The Life and Times of Pabllo Vittar

Enter the fantasy of Brazil’s unstoppable crossover ahead of her single, “Flash Pose,” featuring Charli XCX.

The Brazilian invasion has begun, its glamorous figurehead the drag-queen-turned-pop-phenom Pabllo Vittar. While her gender-agnostic moniker, increasingly clocked by American pop, belies her extravagant, Barbarella-like presentation, gender soon becomes secondary to a talent as irresistible as Vittar’s. Born Phabullo da Silva in Brazil’s northeast, Vittar (who uses pronouns fluidly) cut a megawatt figure even as a young chorister in church—preempting religious or societal scorn with inborn resiliency: Her mantra, Vittar tells us via translator, is, “If you don’t like me or don’t like what I do, that’s your problem and not mine. I just keep going.” That go-go attitude has seemingly carried over from youth; Vittar’s entree to dance, she says, was her hazardous zeal in more typically masculine pursuits: “I took kung fu when I was young, and I [practiced so hard] that I broke my toes,” she recalls. “So my mother took me off the kung fu, and then I started doing ballet and jazz.”

However arresting on the surface, Vittar’s highlighter-hued style—captured here by photographer Augusto Silva Alliegro—is deeply rooted. Citing anime and comics as formative to her visual persuasion, she brandishes Sailor Moon and Powerpuff Girls tattoos—exhibiting her superhuman mettle even at a resting state—and likens herself to a Mortal Kombat avatar (the girl character, naturally). Her real-life heroes range from Brazilian superstar Daniela Mercury, one of her mentors, to Drag Race alumna Violet Chachki (“I just met her in L.A.!” she says with glee of the latter).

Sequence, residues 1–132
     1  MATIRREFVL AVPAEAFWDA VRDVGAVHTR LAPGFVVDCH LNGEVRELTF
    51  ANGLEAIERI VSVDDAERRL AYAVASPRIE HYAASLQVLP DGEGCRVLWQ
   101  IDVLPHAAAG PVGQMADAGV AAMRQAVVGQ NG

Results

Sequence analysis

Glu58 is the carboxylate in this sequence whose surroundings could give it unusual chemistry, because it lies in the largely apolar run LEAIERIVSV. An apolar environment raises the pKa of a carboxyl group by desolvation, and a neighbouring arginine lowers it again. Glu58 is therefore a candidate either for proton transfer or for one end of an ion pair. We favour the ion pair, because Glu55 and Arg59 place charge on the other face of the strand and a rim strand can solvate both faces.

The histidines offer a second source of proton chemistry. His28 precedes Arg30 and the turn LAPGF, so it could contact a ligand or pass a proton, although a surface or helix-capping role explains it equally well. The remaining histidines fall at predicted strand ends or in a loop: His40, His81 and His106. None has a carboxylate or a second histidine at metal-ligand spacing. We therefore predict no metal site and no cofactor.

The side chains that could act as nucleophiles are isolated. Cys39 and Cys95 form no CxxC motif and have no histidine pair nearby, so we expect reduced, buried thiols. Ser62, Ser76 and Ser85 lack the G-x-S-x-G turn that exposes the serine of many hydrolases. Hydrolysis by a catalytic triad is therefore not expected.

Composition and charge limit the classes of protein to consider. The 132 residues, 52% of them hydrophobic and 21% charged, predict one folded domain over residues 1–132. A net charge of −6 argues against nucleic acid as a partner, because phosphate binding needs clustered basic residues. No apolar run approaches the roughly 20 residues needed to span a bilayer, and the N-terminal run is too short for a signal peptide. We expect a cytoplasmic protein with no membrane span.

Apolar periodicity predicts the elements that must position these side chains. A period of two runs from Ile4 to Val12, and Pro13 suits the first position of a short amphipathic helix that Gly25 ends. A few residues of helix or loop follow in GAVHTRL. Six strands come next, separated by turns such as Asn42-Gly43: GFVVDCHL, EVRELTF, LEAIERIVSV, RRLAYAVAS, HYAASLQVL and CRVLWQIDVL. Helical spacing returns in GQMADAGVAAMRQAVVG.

Vittar serves as a link between the new golden age of LGBTQ+ stan-dom (canonized by Charli XCX’s 2017 Pop 2, which featured the likes Vittar, Kim Petras and Carly Rae Jepsen) and less socially progressive regimes at home and abroad (Brazil is governed by the Trumpian Jair Bolsonaro) Today, XCX and Vittar reprise their prog-pop partnership, with their single “Flash Pose” slated to drop at 8 p.m. ET tonight. 

Politics of prejudice be damned, Vittar is kryptonite to the reduced expectations often held for gender-queer performers. Last month, in addition to routing through the major ports of LGBTQ+ pageantry, from Miami to Chicago to NYC, Vittar made one particularly symbolic campaign stop: serenading the United Nations in honor of Queen Elizabeth’s birthday. If her Instagram missive that day—”There will be queers at the UN, oh yes!”—wasn’t a harbinger of world domination, we don’t know what is.

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